When they eventually died,
Jacob and each of his sons were buried in a cave
that Abraham had purchased in the Promised Land
to serve as a family tomb.
Stephen went on next to summarize
hundreds of years of history
as the descendants of Jacob
eventually lived in Egypt as slaves,
and God prepared to set them free
by raising up Moses,
who would lead them to the Promise Land
that God had promised to their forefather Abraham.
The deacon on trial continued,
17 “But as the time of the promise came close which God had sworn to Abraham, the people grew and multiplied in Egypt, 18 until there arose a different king, who didn’t know Joseph. 19 The same took advantage of our race, and mistreated our fathers, and forced them to throw out their babies, so that they wouldn’t stay alive. 20 At that time Moses was born, and was exceedingly handsome. He was nourished three months in his father’s house. 21 When he was thrown out, Pharaoh’s daughter took him up, and reared him as her own son.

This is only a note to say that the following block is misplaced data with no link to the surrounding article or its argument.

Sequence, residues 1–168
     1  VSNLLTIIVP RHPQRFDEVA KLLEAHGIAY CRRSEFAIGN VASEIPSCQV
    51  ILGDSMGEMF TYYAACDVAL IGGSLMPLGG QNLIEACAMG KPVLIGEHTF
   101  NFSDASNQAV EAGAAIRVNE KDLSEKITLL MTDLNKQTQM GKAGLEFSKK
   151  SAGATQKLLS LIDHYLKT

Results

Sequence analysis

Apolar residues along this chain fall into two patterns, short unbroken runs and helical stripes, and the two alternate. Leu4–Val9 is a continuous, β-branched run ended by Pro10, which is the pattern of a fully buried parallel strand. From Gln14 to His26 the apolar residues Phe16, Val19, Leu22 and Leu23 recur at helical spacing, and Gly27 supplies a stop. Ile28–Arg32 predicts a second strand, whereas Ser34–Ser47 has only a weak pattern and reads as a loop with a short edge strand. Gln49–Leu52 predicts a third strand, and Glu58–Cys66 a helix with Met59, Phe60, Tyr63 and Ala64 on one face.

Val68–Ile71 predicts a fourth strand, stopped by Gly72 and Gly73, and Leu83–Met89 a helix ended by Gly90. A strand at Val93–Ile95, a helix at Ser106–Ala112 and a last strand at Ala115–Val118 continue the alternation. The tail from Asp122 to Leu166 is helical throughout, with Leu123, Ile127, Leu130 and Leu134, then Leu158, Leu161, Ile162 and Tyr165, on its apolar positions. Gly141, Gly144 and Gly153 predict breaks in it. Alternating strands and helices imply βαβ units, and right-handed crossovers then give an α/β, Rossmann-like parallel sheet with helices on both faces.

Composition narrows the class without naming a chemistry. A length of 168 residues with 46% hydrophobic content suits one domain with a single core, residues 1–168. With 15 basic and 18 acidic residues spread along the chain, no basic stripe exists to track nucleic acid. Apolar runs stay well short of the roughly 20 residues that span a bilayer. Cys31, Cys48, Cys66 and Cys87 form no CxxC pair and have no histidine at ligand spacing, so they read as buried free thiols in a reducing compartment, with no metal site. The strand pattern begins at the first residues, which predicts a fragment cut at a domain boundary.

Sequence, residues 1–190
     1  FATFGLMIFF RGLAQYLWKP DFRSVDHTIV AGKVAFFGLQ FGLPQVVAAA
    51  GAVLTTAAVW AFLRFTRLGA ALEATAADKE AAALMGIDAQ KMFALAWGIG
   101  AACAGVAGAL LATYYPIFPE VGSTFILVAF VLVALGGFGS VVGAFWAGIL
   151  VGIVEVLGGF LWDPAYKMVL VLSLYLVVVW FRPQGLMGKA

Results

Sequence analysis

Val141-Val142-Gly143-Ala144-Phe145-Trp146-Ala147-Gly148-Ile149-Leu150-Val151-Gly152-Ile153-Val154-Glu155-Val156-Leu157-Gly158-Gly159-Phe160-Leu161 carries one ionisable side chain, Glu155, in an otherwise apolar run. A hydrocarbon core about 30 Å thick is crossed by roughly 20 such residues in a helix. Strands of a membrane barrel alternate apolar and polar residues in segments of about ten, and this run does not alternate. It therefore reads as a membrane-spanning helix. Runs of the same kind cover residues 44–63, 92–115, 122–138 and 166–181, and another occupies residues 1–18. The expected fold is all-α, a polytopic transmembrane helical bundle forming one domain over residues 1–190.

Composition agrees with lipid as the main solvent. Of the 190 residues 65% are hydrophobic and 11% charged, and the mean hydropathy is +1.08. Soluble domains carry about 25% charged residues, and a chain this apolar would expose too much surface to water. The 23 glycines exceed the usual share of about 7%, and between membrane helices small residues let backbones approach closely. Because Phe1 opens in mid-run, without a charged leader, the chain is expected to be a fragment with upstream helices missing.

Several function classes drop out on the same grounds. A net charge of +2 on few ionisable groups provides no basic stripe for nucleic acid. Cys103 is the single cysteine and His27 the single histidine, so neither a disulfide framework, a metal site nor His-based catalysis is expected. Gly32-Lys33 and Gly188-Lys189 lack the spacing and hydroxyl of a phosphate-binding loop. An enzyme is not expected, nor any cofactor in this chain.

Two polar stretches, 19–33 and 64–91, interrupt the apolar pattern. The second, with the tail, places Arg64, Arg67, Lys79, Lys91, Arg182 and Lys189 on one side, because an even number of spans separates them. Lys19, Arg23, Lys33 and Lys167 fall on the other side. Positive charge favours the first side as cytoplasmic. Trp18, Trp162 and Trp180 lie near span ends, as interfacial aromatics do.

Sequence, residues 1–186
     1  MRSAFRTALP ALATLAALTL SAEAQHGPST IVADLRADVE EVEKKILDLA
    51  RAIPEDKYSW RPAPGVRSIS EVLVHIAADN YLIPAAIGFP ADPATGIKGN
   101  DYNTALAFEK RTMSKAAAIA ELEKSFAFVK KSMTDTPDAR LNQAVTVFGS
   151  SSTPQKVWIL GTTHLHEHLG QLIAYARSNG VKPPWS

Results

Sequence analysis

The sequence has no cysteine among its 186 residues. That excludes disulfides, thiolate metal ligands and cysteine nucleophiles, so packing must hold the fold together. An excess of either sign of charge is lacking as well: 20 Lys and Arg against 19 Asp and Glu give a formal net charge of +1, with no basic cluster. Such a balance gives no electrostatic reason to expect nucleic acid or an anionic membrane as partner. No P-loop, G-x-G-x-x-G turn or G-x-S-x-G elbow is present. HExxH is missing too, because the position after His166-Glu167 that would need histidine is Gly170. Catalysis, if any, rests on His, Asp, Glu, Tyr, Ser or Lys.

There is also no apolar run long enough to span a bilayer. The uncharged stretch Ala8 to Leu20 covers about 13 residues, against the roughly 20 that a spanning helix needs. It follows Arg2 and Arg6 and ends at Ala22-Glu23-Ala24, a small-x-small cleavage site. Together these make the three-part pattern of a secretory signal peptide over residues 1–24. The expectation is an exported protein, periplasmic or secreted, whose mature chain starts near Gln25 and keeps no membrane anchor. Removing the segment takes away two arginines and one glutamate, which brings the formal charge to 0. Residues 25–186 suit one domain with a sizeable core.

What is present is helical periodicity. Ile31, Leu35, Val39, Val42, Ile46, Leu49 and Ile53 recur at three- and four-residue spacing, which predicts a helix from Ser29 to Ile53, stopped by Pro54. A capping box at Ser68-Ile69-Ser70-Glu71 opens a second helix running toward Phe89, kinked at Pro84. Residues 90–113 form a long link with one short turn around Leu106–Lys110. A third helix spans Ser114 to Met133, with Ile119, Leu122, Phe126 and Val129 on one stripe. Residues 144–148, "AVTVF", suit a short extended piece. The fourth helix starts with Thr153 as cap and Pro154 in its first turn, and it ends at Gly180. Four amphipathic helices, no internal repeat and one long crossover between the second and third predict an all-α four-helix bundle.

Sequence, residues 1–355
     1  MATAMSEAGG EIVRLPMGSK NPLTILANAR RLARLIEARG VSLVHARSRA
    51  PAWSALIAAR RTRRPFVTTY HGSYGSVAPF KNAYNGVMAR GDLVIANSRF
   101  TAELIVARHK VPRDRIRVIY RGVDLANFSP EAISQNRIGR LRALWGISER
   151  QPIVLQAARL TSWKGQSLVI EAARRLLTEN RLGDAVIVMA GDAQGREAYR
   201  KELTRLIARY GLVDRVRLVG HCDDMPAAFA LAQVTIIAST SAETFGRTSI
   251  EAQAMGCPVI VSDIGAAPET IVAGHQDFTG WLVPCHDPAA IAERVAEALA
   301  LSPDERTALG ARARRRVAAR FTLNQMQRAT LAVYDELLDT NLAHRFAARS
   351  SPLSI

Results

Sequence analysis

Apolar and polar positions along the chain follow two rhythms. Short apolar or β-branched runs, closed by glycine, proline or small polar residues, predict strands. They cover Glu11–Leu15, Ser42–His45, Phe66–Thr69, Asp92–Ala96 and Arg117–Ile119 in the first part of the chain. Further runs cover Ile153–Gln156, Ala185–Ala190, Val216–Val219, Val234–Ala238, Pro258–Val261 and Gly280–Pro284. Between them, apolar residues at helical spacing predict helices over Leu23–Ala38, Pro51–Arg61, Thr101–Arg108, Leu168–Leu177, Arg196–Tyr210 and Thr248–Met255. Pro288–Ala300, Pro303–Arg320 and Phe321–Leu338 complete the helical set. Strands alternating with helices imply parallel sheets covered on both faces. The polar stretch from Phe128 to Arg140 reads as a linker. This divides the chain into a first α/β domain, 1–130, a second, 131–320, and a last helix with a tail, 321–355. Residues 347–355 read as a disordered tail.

The offspring of Jacob,
whose name God changed to Israel,
were now so numerous they could be a small nation.
They had multiplied to become the Jewish people.
Egypt’s king Pharaoh was afraid
they were growing in numbers so fast they would
soon outnumber and overpower the Egyptians.
So, Pharaoh gave orders for the enslaved Israelites
to throw their newborn male babies
into the Nile River to drown.
But baby Moses’ mother
put him in the River in a basket
and Pharaoh’s daughter found the infant
and raised him as her own son.
Remember, Stephen told this history of the Jews
as his defense before the Jerusalem court
where he was charged with the crime
of preaching Jesus as the Savior of Israel.
And now he went on to tell how,